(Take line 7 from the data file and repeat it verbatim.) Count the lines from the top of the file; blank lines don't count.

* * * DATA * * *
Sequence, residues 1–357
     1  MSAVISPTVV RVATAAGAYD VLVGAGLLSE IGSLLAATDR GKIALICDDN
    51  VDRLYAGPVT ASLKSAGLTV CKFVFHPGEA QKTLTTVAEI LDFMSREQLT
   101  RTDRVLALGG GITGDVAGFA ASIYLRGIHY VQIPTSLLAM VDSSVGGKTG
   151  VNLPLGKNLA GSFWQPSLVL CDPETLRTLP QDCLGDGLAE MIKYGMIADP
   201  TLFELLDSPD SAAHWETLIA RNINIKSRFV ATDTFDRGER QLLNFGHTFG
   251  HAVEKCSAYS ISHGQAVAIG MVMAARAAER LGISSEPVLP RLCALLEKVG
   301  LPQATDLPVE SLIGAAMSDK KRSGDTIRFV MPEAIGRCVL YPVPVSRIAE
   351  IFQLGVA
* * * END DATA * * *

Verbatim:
   251  HAVEKCSAYS ISHGQAVAIG MVMAARAAER LGISSEPVLP RLCALLEKVG